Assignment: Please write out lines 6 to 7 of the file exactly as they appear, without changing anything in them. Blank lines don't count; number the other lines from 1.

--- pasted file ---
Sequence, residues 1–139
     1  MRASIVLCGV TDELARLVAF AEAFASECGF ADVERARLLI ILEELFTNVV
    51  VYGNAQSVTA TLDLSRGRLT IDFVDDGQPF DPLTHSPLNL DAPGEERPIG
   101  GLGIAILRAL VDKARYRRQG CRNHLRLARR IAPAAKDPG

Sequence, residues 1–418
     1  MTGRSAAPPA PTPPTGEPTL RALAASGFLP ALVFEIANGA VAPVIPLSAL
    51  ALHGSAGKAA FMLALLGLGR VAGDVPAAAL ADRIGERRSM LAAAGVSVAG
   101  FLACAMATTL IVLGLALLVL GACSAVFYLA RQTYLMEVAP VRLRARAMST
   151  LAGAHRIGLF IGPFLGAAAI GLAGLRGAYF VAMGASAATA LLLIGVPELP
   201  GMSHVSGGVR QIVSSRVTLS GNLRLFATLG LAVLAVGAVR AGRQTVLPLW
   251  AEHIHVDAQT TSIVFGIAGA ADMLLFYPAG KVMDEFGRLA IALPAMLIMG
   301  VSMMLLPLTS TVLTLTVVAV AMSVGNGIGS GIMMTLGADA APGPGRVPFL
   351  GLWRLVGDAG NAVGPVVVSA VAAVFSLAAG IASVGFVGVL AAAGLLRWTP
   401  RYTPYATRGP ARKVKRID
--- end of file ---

     1  MTGRSAAPPA PTPPTGEPTL RALAASGFLP ALVFEIANGA VAPVIPLSAL
    51  ALHGSAGKAA FMLALLGLGR VAGDVPAAAL ADRIGERRSM LAAAGVSVAG